curves to show the equilibrium level of nets that will be produced. Is this outcome socially efficient? b. In the graph, how would you account for insecticide-treated nets’ effect on poverty? What happens to the level of output in the market? c. How could the government encourage the production of the efficient number of nets?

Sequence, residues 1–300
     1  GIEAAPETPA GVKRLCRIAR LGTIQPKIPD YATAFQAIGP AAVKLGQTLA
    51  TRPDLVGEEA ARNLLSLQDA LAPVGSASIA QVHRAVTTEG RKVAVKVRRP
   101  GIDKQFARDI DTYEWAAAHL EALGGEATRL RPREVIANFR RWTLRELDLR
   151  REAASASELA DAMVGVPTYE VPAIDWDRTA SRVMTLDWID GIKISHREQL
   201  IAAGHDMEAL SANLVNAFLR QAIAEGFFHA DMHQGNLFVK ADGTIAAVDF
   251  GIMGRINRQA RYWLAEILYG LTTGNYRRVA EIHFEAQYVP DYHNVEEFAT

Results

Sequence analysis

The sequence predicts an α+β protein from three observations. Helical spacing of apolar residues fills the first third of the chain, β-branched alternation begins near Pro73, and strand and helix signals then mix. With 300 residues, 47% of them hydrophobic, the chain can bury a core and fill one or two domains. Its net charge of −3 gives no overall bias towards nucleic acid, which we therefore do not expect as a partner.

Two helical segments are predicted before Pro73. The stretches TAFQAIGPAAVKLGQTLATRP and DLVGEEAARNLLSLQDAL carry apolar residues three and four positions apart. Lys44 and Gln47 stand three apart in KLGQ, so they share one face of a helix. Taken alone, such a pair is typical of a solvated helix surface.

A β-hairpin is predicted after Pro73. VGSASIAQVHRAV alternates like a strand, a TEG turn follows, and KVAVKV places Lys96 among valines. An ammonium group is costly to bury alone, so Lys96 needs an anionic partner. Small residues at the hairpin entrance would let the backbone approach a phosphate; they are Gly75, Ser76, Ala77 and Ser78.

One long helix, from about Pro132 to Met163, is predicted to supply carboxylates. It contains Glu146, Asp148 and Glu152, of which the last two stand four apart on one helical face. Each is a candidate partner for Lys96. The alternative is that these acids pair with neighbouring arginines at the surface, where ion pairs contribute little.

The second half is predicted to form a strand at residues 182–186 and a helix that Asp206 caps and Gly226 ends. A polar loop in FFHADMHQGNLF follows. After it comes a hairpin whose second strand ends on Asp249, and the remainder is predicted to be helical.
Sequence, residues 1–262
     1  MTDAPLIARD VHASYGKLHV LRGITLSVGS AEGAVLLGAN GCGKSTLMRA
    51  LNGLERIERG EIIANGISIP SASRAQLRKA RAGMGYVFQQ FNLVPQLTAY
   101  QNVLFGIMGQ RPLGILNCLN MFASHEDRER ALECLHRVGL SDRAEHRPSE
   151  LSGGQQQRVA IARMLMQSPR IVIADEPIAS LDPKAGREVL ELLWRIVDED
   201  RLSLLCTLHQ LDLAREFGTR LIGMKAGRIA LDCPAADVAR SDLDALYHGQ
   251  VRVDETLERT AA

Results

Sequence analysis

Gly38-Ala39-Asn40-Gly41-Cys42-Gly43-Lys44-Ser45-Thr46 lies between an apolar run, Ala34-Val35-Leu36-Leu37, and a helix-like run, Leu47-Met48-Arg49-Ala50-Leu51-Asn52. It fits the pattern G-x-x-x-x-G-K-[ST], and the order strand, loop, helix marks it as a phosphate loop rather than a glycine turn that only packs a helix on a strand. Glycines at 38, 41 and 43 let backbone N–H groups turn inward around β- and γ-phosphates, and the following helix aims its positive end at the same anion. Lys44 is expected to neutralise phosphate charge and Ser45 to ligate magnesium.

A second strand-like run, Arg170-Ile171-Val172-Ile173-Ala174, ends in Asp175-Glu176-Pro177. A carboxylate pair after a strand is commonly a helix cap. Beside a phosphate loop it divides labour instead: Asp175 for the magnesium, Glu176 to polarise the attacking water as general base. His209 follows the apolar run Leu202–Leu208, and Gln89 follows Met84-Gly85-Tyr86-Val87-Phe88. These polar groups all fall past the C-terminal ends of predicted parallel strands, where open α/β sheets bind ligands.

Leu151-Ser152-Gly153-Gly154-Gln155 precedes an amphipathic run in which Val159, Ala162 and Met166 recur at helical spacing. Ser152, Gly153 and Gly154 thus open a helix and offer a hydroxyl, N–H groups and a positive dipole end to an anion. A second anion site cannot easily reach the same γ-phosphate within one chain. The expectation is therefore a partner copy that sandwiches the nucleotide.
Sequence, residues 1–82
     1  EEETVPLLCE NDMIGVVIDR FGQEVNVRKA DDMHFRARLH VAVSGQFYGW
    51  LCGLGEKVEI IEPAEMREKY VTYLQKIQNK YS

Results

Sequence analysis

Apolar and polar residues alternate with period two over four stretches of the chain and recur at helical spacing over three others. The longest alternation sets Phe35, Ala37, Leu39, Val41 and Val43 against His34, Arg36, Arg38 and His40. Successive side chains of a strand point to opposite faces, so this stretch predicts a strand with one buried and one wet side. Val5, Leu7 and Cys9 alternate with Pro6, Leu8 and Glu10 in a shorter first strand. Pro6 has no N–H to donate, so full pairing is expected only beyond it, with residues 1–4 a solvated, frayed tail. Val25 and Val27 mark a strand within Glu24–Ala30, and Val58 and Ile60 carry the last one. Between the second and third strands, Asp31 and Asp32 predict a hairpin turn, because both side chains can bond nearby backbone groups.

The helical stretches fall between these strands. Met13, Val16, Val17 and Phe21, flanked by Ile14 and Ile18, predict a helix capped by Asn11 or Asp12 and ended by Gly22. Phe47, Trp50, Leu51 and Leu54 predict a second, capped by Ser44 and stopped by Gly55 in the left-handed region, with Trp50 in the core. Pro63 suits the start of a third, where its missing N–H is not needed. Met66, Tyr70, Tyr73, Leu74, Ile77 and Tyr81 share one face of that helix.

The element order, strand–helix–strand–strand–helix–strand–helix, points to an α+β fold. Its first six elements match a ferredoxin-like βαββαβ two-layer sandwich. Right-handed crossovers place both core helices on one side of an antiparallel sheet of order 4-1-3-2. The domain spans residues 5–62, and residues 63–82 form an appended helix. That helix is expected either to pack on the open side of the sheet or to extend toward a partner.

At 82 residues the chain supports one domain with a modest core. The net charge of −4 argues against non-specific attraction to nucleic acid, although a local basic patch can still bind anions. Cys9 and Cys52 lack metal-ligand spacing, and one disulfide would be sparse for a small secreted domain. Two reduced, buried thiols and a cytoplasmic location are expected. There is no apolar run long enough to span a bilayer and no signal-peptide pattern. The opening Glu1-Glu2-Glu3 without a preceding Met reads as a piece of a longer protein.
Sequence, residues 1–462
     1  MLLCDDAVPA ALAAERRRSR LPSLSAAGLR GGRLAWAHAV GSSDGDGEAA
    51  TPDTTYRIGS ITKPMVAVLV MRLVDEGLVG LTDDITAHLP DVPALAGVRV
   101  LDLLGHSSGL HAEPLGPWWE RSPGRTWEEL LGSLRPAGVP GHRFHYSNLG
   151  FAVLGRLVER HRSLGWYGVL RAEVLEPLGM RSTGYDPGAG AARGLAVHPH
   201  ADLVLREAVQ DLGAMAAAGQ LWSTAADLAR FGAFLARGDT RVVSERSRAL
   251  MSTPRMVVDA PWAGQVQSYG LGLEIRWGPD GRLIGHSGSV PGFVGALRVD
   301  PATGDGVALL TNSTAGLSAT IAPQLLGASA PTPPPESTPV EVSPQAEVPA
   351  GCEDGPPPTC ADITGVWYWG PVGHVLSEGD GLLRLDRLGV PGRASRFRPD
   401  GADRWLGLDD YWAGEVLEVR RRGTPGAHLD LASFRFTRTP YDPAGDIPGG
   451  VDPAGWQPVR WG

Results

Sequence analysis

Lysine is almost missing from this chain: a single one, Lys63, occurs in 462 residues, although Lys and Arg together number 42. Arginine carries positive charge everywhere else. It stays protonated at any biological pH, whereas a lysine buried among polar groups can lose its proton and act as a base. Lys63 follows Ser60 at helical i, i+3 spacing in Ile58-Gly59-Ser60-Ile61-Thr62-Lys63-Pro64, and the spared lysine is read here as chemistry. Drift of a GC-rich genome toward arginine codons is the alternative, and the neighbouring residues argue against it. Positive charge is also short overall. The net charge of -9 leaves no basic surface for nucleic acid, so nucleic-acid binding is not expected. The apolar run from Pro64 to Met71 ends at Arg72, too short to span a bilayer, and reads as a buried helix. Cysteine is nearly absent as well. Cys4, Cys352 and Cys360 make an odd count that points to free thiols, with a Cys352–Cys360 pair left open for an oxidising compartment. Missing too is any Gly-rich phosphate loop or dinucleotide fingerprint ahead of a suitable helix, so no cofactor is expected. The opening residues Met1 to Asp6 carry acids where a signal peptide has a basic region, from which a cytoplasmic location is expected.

2. Three roommates Tinker, Evers, and Chance share an apartment. It is really cold outside and they are considering turning up the thermostat in the apartment up by 1, 2, 3, or 4 degrees. The marginal cost for each degree is $8. Their individual marginal benefits from making it warmer in the apartment are as follows: Tinker Evers Chance 1 degree $5 $4 $3 2 degrees $4 $3 $2 3 degrees $3 $2 $1 4 degrees $2 $1 $0 a. Find the marginal social benefit from making it 1, 2, 3, or 4 degrees warmer. MSB 1 degree $5+$4+$3 = $12 2 degrees $4 + $3+ $2 = $9 3 degrees $3 + $2 + $1 = $6 4 degrees $2 + $1 + $0 = 3 b. By how many degrees should they raise the temperature? By two (where the marginal benefit > marginal cost). 3. Suppose demand is QD = 12 – P supply is QS = P. There is a constant positive externality of $4 per unit (Marginal External Benefit, MEB = $4). a. Find the market equilibrium quantity and the socially optimal quantity. Show on a graph similar to exhibit 9.8. b. If the government were atemp�ng to increase eﬃciency, should they provide a subsidy or levy a tax? c. What should be the amount of the subsidy/tax?